The story of the Studebaker darkroom print
In March 2020, I purchased this Ansco Speedex from a local hip shop On&On. Around that same time a family member gifted me some expired Kodak Tri-X that he’s had frozen since 1982. A few weeks later, on a rather rainy afternoon, I set out with the Speedex and an umbrella to expose some of my very first frames of medium format film. That same evening I developed the film in our apartment kitchen sink and scanned the negatives the next morning. Which I published to my blog.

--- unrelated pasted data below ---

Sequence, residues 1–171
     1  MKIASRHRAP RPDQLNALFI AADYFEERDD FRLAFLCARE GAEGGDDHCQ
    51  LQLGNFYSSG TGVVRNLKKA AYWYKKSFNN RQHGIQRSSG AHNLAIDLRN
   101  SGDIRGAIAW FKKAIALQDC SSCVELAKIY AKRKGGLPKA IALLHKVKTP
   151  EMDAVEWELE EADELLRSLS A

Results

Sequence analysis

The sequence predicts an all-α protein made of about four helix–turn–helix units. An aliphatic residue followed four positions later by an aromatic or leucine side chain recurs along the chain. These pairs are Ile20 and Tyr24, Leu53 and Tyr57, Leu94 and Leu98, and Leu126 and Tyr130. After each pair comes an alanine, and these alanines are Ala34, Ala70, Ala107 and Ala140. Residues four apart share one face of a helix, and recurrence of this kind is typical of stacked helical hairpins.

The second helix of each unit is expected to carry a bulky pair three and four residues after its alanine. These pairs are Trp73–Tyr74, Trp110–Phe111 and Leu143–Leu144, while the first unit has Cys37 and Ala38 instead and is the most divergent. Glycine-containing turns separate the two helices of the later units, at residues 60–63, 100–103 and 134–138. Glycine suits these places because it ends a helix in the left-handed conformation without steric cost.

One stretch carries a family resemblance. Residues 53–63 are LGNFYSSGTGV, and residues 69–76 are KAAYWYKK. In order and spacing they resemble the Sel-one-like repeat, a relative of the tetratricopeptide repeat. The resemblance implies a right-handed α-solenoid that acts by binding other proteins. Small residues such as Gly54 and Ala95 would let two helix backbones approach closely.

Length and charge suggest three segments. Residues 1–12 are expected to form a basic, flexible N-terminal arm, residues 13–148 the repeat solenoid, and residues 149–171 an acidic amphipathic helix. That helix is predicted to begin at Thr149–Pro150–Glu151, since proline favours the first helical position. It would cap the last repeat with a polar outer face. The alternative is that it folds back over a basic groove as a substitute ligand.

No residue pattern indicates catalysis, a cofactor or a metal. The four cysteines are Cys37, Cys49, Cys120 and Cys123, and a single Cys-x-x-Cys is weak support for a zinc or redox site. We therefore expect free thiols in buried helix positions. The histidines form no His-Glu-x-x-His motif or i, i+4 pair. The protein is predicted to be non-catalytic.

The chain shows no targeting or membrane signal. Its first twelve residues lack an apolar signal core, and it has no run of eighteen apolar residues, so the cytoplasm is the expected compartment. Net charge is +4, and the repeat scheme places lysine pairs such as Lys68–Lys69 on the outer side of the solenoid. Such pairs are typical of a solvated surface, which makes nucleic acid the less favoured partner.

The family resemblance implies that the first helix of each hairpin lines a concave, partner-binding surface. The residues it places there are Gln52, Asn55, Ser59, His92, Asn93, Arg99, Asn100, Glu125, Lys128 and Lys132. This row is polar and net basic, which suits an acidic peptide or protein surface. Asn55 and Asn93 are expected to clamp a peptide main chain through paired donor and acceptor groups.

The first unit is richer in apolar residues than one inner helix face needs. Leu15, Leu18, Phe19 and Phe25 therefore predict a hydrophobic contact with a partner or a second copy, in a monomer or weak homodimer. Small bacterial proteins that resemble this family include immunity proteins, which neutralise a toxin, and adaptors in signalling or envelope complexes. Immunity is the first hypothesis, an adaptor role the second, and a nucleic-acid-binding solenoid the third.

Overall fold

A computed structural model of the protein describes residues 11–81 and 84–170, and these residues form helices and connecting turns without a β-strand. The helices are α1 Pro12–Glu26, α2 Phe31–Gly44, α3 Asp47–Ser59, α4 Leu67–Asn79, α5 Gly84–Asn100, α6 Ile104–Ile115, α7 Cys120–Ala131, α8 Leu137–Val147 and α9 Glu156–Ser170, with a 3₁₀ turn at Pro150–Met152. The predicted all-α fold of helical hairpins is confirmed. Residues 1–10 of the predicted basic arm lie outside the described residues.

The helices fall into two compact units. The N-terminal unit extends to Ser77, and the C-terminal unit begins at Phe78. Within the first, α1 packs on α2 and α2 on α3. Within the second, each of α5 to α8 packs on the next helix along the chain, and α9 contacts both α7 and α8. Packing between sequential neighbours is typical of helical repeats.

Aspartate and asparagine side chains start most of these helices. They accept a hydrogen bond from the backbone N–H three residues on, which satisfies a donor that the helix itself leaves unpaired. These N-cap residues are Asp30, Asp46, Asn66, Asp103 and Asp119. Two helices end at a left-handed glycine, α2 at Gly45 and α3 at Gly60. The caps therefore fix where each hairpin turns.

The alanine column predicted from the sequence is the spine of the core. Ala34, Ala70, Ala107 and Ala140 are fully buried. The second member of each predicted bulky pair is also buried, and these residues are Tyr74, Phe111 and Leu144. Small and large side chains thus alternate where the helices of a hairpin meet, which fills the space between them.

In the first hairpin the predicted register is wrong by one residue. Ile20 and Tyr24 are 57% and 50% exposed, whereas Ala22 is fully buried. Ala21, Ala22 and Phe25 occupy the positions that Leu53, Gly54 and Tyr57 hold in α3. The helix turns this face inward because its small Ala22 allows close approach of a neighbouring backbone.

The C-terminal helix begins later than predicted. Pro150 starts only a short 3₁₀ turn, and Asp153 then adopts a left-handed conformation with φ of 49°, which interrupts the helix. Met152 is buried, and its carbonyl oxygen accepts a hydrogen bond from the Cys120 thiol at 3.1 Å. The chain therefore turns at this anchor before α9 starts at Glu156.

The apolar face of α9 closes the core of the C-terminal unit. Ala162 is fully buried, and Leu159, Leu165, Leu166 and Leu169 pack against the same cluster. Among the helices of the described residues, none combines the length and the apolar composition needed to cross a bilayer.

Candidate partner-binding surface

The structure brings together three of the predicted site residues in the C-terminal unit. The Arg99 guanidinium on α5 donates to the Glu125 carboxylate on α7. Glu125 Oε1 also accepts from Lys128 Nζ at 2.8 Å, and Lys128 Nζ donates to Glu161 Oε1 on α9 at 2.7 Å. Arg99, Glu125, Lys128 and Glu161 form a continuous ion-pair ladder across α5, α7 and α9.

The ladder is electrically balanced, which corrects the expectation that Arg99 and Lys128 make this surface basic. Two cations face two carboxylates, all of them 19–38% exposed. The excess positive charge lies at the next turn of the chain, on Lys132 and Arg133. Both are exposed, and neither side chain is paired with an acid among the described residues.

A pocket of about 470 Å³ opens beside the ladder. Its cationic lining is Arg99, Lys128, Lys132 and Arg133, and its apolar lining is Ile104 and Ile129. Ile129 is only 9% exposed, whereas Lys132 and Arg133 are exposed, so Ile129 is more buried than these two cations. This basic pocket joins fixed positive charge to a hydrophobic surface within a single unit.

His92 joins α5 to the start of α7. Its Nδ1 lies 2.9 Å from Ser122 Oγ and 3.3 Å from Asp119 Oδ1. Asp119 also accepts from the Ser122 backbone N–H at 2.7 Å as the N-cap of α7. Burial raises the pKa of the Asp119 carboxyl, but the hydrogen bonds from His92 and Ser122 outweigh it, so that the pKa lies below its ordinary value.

Here are a few photos from those days in March.
Now, in December, we’ve moved to a new home and we have room in our basement for darkroom equipment. On Saturday night, after many weeks of practicing printing, I have learned enough to make this frame-worthy print for our bathroom.
This print was a bit challenging due to the negatives being a bit flat. It may not appear to be flat given the digital scan – but that is very easy to compensate for digitally. This darkroom print needed a number of areas to be burned (which I’m still learning how to do). Expired film generally makes you work a lot harder for good results.
I’m super stoked. I love the provenance of these film projects. They are more than just photographs, they are our history.